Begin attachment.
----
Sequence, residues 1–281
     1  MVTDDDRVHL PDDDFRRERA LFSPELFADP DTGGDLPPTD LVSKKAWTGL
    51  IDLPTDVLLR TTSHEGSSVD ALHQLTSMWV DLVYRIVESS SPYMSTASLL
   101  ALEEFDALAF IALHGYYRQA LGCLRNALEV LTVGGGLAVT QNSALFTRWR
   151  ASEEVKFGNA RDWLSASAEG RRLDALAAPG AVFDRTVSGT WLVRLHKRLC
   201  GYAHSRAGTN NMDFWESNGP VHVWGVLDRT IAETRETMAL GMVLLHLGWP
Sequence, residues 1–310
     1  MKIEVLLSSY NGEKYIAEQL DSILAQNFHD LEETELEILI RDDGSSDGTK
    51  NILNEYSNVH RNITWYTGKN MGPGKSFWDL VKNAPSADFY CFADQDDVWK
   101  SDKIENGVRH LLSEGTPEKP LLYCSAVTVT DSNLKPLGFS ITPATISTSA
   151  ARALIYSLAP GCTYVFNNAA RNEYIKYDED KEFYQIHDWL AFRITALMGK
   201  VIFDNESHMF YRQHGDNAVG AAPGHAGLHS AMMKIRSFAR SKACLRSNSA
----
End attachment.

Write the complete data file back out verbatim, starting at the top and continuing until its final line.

Sequence, residues 1–281
     1  MVTDDDRVHL PDDDFRRERA LFSPELFADP DTGGDLPPTD LVSKKAWTGL
    51  IDLPTDVLLR TTSHEGSSVD ALHQLTSMWV DLVYRIVESS SPYMSTASLL
   101  ALEEFDALAF IALHGYYRQA LGCLRNALEV LTVGGGLAVT QNSALFTRWR
   151  ASEEVKFGNA RDWLSASAEG RRLDALAAPG AVFDRTVSGT WLVRLHKRLC
   201  GYAHSRAGTN NMDFWESNGP VHVWGVLDRT IAETRETMAL GMVLLHLGWP
Sequence, residues 1–310
     1  MKIEVLLSSY NGEKYIAEQL DSILAQNFHD LEETELEILI RDDGSSDGTK
    51  NILNEYSNVH RNITWYTGKN MGPGKSFWDL VKNAPSADFY CFADQDDVWK
   101  SDKIENGVRH LLSEGTPEKP LLYCSAVTVT DSNLKPLGFS ITPATISTSA
   151  ARALIYSLAP GCTYVFNNAA RNEYIKYDED KEFYQIHDWL AFRITALMGK
   201  VIFDNESHMF YRQHGDNAVG AAPGHAGLHS AMMKIRSFAR SKACLRSNSA